‘People are looking for more meaningful work’
Whether employees will work remotely, in an office or a hybrid environment, clearly communicating expectations, the company’s mission and culture during the recruitment and interview phase is essential not only to finding a good fit, but a lasting one as well.
“As we look at the Great Hire and the Great Resignation, people are looking for more meaningful work that they can personally relate to at some level, or they feel just great getting out of bed for,” Orobetz said. “As a mission-based company, we’re super proud that we’ve always attracted people that really believe in the purpose and mission of making a big positive impact on the world’s food system, making more it more sustainable, addressing animal welfare as well as human health. … Those three pillars … are like a magnet to attract top talent to our company.”
In addition to the mission, a company’s culture can be a big draw for employees, said Garrett Waggoner, co-founder and CEO of Cirkul, a flavor cartridge delivery system that allows users to flavor their water.
“It’s super important to really be forthright with folks when you’re talking about the culture of the company is. When we go through the hiring process, I tell people my aspiration for Cirkul is not to be an easy place to work. …. I want to be an easy place to want to work really hard,” Waggoner said.
As such, he added, “in the first 30 to 60 days for any team member, it’s important for that culture buy-in to happen very early on because that’s how you get organizational groupthink where everyone approaches problems with a similar framework.”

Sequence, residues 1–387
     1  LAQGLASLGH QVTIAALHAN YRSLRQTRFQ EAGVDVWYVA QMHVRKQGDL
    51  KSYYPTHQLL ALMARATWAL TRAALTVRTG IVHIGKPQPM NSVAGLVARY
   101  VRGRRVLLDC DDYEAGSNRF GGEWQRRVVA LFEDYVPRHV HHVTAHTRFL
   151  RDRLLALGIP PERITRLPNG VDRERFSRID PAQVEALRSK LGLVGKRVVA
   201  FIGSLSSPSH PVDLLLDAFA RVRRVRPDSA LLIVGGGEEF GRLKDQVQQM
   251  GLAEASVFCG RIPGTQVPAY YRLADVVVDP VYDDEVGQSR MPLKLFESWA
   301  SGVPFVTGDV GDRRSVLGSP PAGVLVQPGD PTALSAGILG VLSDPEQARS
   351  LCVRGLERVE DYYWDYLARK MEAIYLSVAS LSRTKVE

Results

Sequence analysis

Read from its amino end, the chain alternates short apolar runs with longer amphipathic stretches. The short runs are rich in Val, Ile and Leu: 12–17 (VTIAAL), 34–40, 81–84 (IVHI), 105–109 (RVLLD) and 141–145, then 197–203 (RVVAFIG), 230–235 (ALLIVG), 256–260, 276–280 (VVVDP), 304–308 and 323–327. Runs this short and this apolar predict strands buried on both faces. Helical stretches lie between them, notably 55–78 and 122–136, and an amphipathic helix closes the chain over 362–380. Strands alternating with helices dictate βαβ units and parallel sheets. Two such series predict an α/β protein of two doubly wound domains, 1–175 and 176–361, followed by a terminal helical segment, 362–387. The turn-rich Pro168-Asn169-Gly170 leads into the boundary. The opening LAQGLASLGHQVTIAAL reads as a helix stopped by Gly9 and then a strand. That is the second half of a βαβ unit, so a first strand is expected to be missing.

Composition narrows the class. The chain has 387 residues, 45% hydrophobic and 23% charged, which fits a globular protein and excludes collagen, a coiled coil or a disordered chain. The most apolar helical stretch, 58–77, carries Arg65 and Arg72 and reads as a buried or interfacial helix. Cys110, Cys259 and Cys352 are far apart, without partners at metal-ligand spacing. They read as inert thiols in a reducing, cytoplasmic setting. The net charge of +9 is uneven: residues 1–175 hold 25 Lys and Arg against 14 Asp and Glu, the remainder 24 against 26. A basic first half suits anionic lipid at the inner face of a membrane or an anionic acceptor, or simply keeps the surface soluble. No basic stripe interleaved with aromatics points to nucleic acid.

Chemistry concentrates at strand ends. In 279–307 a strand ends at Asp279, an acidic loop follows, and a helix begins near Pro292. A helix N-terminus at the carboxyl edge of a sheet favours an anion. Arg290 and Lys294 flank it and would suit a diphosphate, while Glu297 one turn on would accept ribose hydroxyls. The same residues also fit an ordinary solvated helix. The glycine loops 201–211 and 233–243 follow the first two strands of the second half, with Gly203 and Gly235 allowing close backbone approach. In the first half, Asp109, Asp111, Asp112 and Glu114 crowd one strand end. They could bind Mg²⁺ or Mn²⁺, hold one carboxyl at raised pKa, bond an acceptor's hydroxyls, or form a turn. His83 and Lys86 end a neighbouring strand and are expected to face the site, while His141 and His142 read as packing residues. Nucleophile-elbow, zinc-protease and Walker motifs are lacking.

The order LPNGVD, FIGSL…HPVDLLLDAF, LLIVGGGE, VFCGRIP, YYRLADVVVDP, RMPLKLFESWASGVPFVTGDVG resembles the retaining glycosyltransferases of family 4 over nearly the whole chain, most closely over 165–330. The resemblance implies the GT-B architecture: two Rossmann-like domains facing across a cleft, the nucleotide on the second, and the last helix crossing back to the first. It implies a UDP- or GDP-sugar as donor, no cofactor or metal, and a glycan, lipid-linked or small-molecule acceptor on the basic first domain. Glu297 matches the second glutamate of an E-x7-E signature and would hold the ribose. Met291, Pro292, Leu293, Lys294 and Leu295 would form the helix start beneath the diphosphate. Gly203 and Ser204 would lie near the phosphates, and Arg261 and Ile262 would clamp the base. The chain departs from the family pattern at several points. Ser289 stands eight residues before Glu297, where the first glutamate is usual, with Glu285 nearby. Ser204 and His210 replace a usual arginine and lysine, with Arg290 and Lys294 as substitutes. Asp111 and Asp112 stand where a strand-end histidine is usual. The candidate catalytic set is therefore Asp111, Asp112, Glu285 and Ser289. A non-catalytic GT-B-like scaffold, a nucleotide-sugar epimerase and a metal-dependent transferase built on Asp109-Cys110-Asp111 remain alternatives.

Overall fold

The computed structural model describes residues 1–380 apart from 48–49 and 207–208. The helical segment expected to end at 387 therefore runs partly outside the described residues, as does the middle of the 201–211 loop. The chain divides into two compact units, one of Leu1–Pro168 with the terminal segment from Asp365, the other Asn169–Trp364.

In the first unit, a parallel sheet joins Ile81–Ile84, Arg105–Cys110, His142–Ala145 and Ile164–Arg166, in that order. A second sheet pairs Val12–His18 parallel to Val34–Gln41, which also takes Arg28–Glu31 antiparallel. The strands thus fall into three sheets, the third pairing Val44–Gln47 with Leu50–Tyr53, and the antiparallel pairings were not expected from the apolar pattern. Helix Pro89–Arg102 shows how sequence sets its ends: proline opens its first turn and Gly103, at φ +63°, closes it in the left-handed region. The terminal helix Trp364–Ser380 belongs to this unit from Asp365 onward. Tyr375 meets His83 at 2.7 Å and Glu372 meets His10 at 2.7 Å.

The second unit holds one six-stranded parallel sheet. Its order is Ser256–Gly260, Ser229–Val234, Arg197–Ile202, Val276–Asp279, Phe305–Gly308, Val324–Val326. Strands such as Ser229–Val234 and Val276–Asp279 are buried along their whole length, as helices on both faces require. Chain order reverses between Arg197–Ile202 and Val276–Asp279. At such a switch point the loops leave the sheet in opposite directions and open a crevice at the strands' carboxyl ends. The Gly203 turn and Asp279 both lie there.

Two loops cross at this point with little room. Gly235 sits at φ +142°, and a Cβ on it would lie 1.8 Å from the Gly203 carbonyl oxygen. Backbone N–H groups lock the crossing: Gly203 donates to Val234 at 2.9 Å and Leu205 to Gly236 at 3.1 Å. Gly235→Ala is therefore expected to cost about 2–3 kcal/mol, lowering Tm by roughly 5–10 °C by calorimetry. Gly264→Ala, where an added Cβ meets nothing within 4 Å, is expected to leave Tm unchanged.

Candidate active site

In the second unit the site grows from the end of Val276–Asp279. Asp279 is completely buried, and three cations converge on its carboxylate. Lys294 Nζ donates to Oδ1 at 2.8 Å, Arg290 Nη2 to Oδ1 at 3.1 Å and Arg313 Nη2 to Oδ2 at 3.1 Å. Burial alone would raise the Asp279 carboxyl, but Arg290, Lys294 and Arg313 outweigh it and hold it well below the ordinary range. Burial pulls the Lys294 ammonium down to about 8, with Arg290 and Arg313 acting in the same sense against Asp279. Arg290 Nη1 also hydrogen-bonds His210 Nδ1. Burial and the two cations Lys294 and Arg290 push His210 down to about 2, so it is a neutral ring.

Waggoner also noted talent is drawn to top products and companies, which is one reason why he says he strives for Cirkul to resonate with and excite consumers.
“We have such fantastic consumer reception. A lot of folks who are looking for work during the Great Hire, in their conversations with family, it’s like, ‘Hey, I’m talking to this beverage company that makes a really neat water bottle delivery system.’ ‘Oh, is that Cirkul? I saw them on TikTok.’ And it feeds into itself,” Waggoner explained.
Balancing promotions and recruitment
As companies simultaneously navigate the Great Resignation and the Great Hire, they must balance promoting from within and outside recruitment of top talent – otherwise they risk losing the staff they have or not finding the best fit for their jobs.
At Alpha Foods, Orobetz said, the company historically has “operated from the adage of hire for attitude and train for skills,” which has allowed most junior and mid-level employees to move up in the company.
But, he added, there comes a time in every emerging brand and founder’s journey when they need best-in-class talent for certain functional areas of the business – people who are industry veterans with really deep expertise – and those people must be hired externally.
When hiring someone from outside the company, Kelly recommends that business leaders clearly communicate to internal staff why someone from the outside is necessary, what they are looking for a position the departure from the “promote from within” culture as a learning opportunity for everyone.
While Kelly agreed with Orobetz that sometimes hiring external experts is important, he added that businesses that want to retain employees and cultivate a sense of loyalty should try – when possible – to hire ambitious people and provide them a clear path and stepping stones up so that they have fulfilling careers and build institutional knowledge.